The Olding Man’s Retirement

He had retired, a long-expected dream.
Not one he’d liked, but still it had occurred,
and now, instead of generating steam
for projects where he had the final word
and spending evenings building up his team,
he waked when he could sleep, and found absurd
his days containing only three events,
unless he counted going to the Gents.

He tried to paint, a vagabond from rules
he’d built for thirty years, but could not draw
the curtains yet. He’d founded schools
for analysing worlds, but could not claw
his way with chalk. His sketches looked like drools
debility might bring to him. His flaw
was that his visions failed to make the paper.
He threw his easel out, a useless caper.

He joined a gym to taper down his waste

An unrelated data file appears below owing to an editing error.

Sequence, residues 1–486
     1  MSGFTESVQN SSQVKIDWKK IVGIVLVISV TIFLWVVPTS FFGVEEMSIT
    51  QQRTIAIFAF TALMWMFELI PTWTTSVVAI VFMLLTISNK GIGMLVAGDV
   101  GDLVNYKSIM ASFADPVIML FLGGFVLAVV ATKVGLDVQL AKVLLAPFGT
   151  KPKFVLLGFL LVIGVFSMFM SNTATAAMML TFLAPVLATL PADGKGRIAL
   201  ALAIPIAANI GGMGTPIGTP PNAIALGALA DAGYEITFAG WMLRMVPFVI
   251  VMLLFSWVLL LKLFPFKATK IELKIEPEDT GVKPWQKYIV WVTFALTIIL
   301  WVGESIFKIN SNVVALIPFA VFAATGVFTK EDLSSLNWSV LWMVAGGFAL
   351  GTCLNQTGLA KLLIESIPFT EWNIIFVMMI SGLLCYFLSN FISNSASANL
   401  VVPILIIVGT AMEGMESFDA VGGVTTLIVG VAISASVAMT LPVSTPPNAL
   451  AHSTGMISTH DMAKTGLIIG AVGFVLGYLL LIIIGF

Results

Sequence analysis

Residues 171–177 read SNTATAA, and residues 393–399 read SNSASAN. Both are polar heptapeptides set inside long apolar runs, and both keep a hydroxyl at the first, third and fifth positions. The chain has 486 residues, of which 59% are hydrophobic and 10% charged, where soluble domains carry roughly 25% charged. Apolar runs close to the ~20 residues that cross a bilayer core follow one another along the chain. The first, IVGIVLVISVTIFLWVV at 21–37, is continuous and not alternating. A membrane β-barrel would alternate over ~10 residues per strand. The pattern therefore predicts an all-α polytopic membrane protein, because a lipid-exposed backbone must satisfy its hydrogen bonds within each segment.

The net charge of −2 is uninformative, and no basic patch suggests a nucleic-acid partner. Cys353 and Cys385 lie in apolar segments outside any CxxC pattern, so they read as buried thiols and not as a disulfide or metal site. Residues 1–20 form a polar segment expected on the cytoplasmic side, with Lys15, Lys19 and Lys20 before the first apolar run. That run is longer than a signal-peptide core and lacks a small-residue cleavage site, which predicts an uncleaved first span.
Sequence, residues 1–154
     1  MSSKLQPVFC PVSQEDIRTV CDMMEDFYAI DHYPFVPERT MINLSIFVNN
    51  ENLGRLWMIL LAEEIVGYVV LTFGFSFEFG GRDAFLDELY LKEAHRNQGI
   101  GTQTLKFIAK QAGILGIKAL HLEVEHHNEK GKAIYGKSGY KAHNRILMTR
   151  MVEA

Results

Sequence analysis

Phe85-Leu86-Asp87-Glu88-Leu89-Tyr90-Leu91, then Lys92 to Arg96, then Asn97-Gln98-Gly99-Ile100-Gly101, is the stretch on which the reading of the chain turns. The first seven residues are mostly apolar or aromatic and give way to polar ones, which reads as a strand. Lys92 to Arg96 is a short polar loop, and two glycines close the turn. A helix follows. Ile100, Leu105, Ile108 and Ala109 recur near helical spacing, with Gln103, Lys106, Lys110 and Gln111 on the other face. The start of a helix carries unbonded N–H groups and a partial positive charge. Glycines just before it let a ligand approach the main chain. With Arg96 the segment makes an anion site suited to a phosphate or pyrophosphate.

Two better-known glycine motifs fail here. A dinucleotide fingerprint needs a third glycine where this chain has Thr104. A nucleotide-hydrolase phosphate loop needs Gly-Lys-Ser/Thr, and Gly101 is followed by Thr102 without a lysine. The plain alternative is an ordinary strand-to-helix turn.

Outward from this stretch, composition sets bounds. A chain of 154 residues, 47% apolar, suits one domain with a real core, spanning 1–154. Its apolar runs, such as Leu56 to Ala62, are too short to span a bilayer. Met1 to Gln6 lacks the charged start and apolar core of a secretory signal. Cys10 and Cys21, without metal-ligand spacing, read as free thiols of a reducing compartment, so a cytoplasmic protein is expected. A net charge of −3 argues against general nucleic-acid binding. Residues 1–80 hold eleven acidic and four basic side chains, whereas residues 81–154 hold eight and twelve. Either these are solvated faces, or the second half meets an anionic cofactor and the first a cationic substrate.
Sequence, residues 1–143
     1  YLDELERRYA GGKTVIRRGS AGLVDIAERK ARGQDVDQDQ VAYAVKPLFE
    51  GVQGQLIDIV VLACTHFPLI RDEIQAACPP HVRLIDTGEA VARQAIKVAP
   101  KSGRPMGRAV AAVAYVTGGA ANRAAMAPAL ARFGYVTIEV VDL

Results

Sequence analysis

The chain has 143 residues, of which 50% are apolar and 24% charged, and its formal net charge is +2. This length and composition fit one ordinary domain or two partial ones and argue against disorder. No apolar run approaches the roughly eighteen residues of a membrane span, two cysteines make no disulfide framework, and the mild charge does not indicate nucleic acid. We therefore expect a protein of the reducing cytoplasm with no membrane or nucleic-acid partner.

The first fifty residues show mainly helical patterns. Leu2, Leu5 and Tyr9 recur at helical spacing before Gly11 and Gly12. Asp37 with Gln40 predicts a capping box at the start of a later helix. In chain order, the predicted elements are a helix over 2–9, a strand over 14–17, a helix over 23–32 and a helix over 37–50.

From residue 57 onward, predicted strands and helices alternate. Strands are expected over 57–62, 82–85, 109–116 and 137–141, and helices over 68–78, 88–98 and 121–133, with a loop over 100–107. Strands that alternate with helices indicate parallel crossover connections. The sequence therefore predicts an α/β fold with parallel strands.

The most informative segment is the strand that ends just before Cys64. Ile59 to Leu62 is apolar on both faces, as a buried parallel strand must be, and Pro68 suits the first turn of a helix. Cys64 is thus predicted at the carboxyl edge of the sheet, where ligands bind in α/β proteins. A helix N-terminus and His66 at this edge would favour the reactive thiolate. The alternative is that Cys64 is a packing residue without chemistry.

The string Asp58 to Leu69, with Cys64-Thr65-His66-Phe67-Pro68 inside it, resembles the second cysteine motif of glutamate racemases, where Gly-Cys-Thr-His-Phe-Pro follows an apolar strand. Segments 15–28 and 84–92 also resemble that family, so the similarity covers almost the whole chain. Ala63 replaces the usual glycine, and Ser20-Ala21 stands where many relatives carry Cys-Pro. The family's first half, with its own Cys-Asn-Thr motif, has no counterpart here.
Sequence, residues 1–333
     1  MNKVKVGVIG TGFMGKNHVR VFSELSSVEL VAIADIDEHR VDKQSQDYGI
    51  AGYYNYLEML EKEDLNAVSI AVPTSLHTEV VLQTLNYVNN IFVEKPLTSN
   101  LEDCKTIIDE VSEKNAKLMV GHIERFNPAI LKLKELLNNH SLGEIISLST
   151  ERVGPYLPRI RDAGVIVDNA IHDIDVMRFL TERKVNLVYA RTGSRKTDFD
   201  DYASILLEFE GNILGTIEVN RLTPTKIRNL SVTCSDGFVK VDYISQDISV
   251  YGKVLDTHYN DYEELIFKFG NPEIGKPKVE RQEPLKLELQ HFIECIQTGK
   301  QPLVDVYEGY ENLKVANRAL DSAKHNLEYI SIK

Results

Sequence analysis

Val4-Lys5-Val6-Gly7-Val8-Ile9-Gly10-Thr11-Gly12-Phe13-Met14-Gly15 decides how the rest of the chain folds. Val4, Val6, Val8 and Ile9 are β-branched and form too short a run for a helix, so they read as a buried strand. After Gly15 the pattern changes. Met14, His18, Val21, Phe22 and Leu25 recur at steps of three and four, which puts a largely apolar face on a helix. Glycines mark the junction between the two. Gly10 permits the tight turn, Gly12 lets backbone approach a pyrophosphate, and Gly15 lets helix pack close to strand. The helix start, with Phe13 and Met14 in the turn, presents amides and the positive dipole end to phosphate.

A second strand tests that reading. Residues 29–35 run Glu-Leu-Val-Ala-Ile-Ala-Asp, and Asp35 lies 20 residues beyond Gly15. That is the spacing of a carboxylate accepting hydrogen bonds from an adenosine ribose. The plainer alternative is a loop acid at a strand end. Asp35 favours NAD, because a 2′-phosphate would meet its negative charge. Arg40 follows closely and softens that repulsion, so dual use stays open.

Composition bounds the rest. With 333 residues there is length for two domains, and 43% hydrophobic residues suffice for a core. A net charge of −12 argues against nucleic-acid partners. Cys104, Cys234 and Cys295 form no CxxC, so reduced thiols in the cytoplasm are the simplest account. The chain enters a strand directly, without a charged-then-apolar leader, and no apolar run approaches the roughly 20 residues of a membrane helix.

and exercised his options to get fit.
The girls he met there showed no urgent haste
to join him in his exercise, emit
admiring ooh la la’s. They were not chased
by hormones in his case. No need to flit
about and waste a ‘hi’ — this wispy weighting lad
was old enough to be their uncle’s dad.

He persevered, with moxie built from years
of start-ups masterminded, funds and all,
by his enthusiastic drive. With cheers
and grunts he hailed the savage wake-up call
he’d set himself for five. He gave up beers
and fatty foods, embraced a volleyball,
and sallied forth with quotas as of old.
It lasted fifteen days. He caught a cold.

Recuperating fast, he took up games
limiting himself on purpose to just three.
All games he’d played, he still knew all their names
and half their rules. He paid the entrance fee
required for each sport’s club, and suffered shames
he hadn’t know before. He couldn’t see
four moves ahead. This forced him to confess
he’d lost his touch, or never had finesse.

A sailing yacht soon tied up at his dock.
He put on Mephisto boat shoes every dawn
and polished brass and teak until the clock
announced with bells across his perfect lawn
the cocktail hour. He buffed the starboard chock
before he took a drink. It made him yawn
and wonder what it was he felt he’d lost
now he was free and quiet. No longer boss.